TAMPA — As baskets go, it was a rudimentary left-handed putback off the glass in a lopsided season opener.
As personal milestones go, it may as well have been one shining moment in March.
Plant High junior Jayden Spencer had checked in — for the second time — with two minutes and change to play Tuesday night against Gaither. A black headband covered the thicket of dark curls that have re-sprouted, and his black No. 23 jersey concealed the port above his right pectoral.
On the night’s most poignant possession, the Panthers segued from motion to emotion offense. Spencer caught a pass on the right baseline and squared up to shoot before passing to classmate Christian Brown on the wing. Brown penetrated and missed a contested layup. Junior Ben Jackson rebounded and also missed.
Lanky Gaither junior Marc Fransberg got the rebound, but Spencer swiped it from behind, pivoted to his left and converted the short basket.
For all practical intents, it put the dagger in the Cowboys. And chemotherapy.
From the bleachers, Spencer’s mom whooped.
“My heart is full,” Sherita Spencer said.
Eight months earlier, a diagnosis from nowhere — non-Hodgkin large B-cell lymphoma — had upended the life of this single mom and her only child. Amid the treatments and trauma, numbness and nausea, Spencer’s goal always had been to regain the strength and endurance needed to play for the Panthers varsity his junior year.
“I knew I was going to get back here,” he said.
Longest summer of their lives
In early June, Spencer and Sherita found themselves among a handful of teens, prepubescents and parents inside AdventHealth Training Center, special guests for the Bucs’ “Cut and Color For a Cure” event held in partnership with the National Pediatric Cancer Foundation.
The kids shaved heads and/or colored the hair of several players and team officials. Spencer met Devin White, his favorite player. Tom Brady, a willing participant (for the hair-coloring portion) posed for a group photo.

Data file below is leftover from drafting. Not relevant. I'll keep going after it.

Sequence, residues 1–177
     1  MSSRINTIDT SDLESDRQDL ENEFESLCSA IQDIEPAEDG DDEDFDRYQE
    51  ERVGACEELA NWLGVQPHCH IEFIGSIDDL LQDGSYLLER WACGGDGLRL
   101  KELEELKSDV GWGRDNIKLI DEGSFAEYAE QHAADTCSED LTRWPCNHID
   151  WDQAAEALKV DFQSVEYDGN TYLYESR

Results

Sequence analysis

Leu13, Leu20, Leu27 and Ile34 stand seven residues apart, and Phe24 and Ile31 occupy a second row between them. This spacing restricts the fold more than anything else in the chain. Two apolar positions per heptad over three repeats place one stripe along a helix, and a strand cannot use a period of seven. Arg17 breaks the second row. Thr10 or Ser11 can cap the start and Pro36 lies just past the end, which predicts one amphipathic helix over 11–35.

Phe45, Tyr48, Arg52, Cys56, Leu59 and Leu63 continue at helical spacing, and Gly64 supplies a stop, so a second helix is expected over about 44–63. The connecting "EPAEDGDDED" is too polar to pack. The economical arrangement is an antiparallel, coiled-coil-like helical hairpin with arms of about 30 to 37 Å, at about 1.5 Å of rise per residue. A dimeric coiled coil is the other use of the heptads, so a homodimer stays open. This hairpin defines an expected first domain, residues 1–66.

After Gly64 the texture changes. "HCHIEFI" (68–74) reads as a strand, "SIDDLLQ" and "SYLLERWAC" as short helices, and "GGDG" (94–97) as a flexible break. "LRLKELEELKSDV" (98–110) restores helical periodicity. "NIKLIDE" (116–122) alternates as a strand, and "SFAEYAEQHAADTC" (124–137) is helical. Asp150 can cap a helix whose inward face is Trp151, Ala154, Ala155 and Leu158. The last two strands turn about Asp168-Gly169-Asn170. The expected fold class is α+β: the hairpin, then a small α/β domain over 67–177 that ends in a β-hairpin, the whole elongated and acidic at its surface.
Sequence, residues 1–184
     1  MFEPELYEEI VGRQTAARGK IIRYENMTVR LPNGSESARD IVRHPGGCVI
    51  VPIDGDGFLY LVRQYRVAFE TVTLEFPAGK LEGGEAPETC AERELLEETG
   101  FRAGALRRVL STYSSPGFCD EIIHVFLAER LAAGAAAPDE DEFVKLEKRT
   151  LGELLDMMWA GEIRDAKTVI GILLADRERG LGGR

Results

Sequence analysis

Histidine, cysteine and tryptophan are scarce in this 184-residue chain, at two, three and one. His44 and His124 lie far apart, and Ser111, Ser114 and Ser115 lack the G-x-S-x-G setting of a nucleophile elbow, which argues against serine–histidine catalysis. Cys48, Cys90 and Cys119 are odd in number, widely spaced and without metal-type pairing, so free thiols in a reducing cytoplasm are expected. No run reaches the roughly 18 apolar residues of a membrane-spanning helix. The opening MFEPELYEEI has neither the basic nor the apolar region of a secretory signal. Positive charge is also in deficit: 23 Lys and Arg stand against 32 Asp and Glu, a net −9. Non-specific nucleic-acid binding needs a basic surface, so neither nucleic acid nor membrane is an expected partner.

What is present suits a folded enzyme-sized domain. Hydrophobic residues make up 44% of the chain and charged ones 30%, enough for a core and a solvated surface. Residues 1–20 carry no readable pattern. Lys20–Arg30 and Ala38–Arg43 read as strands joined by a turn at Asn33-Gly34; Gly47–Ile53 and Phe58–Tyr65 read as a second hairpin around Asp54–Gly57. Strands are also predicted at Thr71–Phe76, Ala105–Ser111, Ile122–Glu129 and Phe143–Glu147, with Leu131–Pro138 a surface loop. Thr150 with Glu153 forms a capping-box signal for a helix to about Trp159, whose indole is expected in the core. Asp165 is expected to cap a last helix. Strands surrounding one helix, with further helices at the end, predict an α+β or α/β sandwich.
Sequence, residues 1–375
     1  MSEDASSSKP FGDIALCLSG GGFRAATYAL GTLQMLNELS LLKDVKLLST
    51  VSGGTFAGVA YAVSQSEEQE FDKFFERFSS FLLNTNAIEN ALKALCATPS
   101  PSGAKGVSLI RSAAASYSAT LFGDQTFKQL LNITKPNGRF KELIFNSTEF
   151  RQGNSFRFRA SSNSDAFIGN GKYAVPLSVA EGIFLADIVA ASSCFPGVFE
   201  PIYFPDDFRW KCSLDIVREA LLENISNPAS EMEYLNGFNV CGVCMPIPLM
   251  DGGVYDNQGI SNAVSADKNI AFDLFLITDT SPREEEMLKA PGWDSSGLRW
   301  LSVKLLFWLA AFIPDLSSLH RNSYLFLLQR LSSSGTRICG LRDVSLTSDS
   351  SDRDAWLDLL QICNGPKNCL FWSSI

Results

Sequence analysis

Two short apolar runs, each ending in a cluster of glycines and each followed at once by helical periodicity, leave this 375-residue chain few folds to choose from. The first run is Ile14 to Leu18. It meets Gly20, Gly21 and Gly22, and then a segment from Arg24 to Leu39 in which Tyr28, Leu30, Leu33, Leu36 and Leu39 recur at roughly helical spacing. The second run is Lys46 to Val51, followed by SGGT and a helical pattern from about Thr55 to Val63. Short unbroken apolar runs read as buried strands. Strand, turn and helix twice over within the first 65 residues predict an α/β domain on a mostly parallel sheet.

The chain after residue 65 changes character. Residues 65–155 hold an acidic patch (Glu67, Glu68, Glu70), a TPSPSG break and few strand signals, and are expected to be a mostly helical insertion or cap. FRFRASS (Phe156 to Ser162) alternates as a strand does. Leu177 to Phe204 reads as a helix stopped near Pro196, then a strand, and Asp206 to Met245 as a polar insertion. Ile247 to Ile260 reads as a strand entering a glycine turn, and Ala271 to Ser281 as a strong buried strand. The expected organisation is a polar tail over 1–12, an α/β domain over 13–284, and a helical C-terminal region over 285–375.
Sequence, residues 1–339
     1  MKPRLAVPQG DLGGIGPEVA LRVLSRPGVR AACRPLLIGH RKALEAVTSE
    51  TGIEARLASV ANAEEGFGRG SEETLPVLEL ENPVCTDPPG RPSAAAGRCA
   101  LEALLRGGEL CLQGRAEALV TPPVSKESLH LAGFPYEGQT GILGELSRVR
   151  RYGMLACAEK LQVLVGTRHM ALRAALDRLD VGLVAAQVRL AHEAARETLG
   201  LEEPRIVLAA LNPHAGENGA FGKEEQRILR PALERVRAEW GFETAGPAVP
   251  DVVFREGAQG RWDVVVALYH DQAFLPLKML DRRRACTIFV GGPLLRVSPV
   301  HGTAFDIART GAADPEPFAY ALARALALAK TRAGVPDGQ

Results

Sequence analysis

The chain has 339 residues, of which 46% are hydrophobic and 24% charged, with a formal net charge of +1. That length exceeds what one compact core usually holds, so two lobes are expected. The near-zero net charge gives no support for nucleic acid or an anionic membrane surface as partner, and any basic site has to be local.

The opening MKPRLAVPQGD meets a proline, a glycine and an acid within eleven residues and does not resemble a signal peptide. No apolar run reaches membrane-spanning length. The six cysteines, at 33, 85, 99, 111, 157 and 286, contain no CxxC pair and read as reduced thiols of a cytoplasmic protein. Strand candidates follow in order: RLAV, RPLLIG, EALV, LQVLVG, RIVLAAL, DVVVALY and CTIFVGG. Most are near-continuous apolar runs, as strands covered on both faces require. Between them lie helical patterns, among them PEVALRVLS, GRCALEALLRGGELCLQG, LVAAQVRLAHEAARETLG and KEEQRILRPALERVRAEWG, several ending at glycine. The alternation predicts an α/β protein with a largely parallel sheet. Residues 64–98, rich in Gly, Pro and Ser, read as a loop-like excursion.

At that time, Spencer might have weighed 125 pounds in a waterlogged Panthers uniform. Roughly three months earlier, he had been overcome by a cough and chest pains during basketball practice. Unsatisfied by the diagnosis she received from an urgent-care facility (a simple cough), Sherita took her son to St. Joseph’s Hospital.
After a battery of tests, they learned he had one of the world’s most common types of non-Hodgkin lymphoma, a ruthless scourge that attacks a type of white blood cell (lymphocytes) that make antibodies to fight infections. About 7% of all childhood cancers are non-Hodgkin lymphomas, according to the American Cancer Society.
“The recovery rate is high, but you know, cancer is a sneaky little disease, so it could go either way,” said Sherita, a U.S. Army veteran and analyst at MacDill Air Force Base. “But they were very optimistic in the studies that they’ve had, and the treatments that they have previously gone through. So they were very optimistic for recovery.”
Optimism was accompanied by rigor. Six times over a four-month period (once every 21 days), Spencer and his mom went to St. Joseph’s, where chemotherapy was siphoned through his body 24 hours at a time. Sherita remained at his side every hour, sleeping on a nearby sofa or recliner.
“It just made you extremely weak,” Spencer said. “You feel like you don’t even want to move sometimes. You just lay down all day.”